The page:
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Apprenda Launch ‘Kismatic Enterprise Toolkit (KET)’ for Automating Production Kubernetes Operation

| by Daniel Bryant Follow 799 Followers on Nov 13, 2016. Estimated reading time: 3 minutes |

At KubeCon, Seattle, USA, Apprenda released their commercially supported open source ‘Kismatic Enterprise Toolkit (KET)’ version 1.0.0. KET provides developers and operators an integrated set of tools to automate the design, deployment and operation of production Kubernetes container orchestration clusters. The KET application suite and source code is available for download from the Apprenda GitHub account, and is released under the Apache 2.0 licence.

Kubernetes, the open source container orchestration platform donated to the Cloud Native Computing Foundation (CNCF) by Google earlier in the year, is challenging the likes of Docker Swarm and Apache Mesos to become the de facto method of running container-packaged applications and ‘microservices’ at scale. The Kubernetes project on GitHub has just under 1000 individual contributors, and many related community created projects are being spawned. According to the Apprenda blog, although this is a sign of a vibrant and growing ecosystem “these offerings fall short in providing an end-to-end lifecycle of best practices and production defaults for enterprise users”.

KET attempts to codify ‘best practices for running trusted Kubernetes platforms in production’, and includes the following features:

  • Simple and intuitive ‘kismatic’ CLI-driven interface for running minimal commands to stand up and operate ‘production-tuned’ Kubernetes clusters.
    • Following the style of Hashicorp’s Terraform, the interactive ‘kismatic install plan’ command can be used to produce a ‘kismatic-cluster-yaml’ file that specifies the required configuration of a Kubernetes cluster.
    • After this file has been modified and reviewed by the user, the ‘kismatic install apply’ command verifies the configuration file content and builds a Kubernetes cluster as defined.
    • After installation, the ‘kismatic’ tool will perform a basic test of scaling and networking on the cluster.
  • Built-in upstream enterprise-grade security based on LDAP/AD integration and granular RBAC policies.
  • Default set of cluster services, including distributed health checking (Kuberang) and the standard Kubernetes Web UI Dashboard.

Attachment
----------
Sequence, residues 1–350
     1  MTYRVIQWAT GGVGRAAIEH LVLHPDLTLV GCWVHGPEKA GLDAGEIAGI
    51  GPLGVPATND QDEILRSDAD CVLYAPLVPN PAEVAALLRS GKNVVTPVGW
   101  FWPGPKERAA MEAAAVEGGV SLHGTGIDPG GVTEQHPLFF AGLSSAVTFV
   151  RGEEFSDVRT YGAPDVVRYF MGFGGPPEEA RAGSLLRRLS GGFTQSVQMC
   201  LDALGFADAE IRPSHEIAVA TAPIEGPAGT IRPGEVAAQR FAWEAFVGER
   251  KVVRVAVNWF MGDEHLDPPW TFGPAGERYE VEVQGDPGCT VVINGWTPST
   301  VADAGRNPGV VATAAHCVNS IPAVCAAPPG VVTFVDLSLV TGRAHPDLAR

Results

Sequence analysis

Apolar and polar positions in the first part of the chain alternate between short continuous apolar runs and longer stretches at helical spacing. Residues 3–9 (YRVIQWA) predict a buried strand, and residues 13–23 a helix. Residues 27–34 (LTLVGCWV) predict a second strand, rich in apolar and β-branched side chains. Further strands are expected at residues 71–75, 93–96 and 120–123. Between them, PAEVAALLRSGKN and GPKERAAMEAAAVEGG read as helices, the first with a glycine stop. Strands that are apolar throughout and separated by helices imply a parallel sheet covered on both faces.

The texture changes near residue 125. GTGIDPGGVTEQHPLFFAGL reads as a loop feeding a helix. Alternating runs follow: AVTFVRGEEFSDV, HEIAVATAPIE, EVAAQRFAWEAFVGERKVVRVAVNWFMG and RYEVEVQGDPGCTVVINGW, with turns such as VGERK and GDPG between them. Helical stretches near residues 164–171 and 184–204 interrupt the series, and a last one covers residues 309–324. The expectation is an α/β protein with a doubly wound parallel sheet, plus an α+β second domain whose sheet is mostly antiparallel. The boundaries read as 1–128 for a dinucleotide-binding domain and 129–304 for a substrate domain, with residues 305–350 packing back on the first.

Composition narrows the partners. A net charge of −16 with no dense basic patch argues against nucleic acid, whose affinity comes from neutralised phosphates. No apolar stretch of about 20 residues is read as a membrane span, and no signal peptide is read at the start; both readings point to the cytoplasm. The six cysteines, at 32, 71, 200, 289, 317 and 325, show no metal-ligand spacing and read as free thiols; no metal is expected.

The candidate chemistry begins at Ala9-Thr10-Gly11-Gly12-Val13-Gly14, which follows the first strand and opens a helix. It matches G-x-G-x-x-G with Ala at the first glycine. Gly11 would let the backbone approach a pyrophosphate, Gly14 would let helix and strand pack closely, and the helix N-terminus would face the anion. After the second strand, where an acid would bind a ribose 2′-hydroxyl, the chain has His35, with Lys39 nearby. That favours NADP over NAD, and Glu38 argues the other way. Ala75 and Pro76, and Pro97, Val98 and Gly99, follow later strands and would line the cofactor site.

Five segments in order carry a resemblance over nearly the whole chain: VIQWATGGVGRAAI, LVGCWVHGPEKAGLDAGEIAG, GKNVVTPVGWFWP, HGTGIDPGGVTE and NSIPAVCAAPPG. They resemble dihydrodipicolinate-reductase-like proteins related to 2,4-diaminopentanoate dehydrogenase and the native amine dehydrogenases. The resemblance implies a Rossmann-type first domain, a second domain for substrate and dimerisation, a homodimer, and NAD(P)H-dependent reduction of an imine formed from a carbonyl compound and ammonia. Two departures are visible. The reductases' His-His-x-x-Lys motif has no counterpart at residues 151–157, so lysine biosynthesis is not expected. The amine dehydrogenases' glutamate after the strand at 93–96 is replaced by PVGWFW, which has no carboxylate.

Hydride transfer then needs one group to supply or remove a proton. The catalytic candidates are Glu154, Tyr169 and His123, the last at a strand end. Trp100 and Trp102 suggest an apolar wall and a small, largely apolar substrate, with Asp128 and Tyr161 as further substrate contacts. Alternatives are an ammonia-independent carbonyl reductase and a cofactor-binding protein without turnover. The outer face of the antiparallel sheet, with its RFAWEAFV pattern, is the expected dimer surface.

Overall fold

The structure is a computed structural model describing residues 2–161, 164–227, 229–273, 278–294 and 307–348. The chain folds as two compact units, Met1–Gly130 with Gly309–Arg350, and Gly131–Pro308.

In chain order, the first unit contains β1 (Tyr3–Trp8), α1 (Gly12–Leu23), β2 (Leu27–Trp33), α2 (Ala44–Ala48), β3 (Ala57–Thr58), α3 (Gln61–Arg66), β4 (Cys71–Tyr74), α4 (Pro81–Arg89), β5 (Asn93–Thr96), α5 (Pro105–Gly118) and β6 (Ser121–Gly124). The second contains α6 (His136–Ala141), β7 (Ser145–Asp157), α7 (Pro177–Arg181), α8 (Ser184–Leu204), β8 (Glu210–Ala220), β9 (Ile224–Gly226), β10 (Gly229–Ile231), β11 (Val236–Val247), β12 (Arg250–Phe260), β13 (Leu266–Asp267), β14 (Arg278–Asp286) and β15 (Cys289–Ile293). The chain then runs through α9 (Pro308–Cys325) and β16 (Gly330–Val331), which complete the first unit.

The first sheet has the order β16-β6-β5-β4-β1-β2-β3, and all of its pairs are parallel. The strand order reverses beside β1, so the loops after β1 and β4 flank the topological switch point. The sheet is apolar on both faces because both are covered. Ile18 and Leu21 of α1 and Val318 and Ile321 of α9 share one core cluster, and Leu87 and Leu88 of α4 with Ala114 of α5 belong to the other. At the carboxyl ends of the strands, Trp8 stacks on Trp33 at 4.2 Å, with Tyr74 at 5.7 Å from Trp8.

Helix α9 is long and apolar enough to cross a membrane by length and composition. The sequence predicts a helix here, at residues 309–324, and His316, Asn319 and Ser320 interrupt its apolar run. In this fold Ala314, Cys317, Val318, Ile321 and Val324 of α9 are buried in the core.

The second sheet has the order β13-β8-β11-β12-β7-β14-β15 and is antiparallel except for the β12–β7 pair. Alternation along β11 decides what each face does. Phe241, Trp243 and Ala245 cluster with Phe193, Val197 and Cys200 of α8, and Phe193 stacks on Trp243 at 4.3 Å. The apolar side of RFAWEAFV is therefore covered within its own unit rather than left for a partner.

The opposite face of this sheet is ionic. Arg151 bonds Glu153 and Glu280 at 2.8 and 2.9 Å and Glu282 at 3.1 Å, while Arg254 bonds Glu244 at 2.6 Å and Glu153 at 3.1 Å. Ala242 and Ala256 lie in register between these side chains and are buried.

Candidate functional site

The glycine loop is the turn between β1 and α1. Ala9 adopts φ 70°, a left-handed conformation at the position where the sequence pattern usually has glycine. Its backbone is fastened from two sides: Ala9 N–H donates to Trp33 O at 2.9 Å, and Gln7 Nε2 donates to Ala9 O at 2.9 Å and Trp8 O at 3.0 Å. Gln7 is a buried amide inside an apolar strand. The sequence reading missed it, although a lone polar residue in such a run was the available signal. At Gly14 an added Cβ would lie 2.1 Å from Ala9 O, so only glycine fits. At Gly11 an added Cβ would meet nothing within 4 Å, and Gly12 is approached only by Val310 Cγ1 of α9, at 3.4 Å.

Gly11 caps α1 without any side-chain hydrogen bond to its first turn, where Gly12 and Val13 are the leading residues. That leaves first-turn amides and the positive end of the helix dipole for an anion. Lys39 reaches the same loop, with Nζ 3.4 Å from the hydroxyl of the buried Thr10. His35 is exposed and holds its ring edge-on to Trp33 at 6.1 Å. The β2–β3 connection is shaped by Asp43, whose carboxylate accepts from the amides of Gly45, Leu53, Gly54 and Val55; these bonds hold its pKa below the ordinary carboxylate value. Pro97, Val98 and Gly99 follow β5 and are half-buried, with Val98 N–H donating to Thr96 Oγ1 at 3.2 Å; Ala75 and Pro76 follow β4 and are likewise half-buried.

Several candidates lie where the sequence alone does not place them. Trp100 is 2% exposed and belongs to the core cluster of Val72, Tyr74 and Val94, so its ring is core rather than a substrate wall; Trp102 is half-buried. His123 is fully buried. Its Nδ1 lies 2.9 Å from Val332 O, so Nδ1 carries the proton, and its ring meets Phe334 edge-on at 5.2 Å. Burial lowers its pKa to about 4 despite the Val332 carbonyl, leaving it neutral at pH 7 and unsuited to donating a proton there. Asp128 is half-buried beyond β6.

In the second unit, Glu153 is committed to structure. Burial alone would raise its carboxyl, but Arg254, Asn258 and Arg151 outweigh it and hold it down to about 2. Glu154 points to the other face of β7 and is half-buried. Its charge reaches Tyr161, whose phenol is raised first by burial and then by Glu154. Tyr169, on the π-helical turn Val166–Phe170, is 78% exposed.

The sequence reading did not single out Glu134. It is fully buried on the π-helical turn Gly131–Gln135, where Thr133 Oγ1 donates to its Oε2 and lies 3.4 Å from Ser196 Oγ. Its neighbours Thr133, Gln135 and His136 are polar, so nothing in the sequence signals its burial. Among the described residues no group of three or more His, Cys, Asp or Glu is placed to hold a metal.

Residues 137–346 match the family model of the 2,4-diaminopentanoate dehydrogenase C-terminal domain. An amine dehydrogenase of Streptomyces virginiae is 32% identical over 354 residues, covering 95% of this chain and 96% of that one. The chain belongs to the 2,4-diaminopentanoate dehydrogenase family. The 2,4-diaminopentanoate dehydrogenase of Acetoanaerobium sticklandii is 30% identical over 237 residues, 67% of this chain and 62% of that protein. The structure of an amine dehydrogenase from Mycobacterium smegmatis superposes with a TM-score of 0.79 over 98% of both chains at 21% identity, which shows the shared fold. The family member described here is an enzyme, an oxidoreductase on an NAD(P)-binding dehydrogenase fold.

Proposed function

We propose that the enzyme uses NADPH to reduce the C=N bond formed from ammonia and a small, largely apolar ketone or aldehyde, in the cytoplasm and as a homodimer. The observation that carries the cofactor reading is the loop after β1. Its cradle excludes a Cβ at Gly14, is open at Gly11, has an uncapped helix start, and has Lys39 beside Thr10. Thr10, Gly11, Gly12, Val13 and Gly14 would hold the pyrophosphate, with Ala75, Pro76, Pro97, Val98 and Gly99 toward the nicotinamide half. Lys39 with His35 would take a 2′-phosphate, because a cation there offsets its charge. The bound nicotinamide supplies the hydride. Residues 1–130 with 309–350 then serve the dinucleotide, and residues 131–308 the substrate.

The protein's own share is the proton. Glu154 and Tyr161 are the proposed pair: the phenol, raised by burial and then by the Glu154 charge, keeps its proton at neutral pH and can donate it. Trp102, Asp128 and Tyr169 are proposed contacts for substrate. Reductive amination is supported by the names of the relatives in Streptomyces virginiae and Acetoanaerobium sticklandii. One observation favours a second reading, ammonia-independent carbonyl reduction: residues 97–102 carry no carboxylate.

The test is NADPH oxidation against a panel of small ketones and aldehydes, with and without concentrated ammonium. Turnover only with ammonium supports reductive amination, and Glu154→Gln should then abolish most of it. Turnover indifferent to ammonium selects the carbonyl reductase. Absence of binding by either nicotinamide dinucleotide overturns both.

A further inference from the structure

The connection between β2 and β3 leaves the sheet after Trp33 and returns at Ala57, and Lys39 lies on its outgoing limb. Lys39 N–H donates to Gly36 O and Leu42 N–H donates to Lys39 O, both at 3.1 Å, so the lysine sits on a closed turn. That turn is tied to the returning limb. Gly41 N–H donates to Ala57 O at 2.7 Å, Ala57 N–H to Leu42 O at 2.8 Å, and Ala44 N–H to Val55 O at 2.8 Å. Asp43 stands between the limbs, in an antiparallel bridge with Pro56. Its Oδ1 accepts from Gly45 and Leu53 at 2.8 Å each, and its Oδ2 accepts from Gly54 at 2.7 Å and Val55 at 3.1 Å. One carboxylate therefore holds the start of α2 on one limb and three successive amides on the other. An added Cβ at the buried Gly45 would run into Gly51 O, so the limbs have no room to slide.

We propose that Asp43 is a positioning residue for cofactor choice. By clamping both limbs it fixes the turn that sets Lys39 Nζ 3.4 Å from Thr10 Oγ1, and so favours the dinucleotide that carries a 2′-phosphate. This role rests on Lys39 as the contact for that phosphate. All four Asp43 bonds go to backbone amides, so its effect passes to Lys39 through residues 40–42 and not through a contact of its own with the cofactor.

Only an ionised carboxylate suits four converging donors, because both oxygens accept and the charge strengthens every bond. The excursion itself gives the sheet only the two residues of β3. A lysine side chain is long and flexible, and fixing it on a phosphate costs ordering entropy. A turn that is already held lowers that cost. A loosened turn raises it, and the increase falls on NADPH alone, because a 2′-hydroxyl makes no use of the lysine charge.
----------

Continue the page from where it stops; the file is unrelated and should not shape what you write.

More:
• Integration with Project Calico, a cloud-native software defined network (SDN) control plane that offers granular ‘microsegmentation’, support for IT security policies, BGP-based routing, and pure layer-3 configuration of virtual distributed networks.
  • Integration with Linkerd, the RPC-based microservices instrumentation layer for transparent service-to-service communication, tracing, transport level security (TLS), and routing based on Twitter’s Finagle.
  • Maintained RPM and Debian packages for easy and up-to-date distribution of KET components and deployments behind an enterprise firewall.
  • Build-in private container registry allowing cluster operators to deliver distributed services to their organization in a single command.
  • Documented and codified production-tuned recommendations for deploying and running HA/FT Kubernetes clusters.
  • Commercial support for running on major platforms, including:
    • All modern versions of Linux supporting systemd: Red Hat, CentOS, Fedora etc.
    • Ubuntu, Debian and CoreOS.
    • Private Cloud: Bare Metal, VMware, OpenStack.
    • Public Cloud: AWS, Packet.

KET is placed in the market alongside CoreOS’ Tectonic commercial distribution of Kubernetes, which also bundles open source Kubernetes components with additional proprietary offerings, and aims to allow operators to deploy ‘Google infrastructure for everyone else (GIFEE)’; Canonical’s Distribution of Kubernetes that creates and manages clusters using the organisation’s JuJu deployment technology, for which commercial support can be obtained; Red Hat’s OpenShift 3, which provides a commercially supported platform-as-a-service (PaaS) offering powered by Kubernetes and Docker; and the managed service offerings of Kubernetes, for example, Google Container Engine (GKE) and Platform9’s Kubernetes-based Containers-as-a-Service (CaaS).

Additional details of Apprenda’s release of the Kismatic Enterprise Toolkit (KET) can be found on the Apprenda blog, and the code can be found within the Kismatic subfolder of the Apprenda GitHub account (which also contains the future high level KET roadmap). A Kismatic Users Google Group and Kismatic Slack channel have also been created to allow users to ask questions within a public forum.

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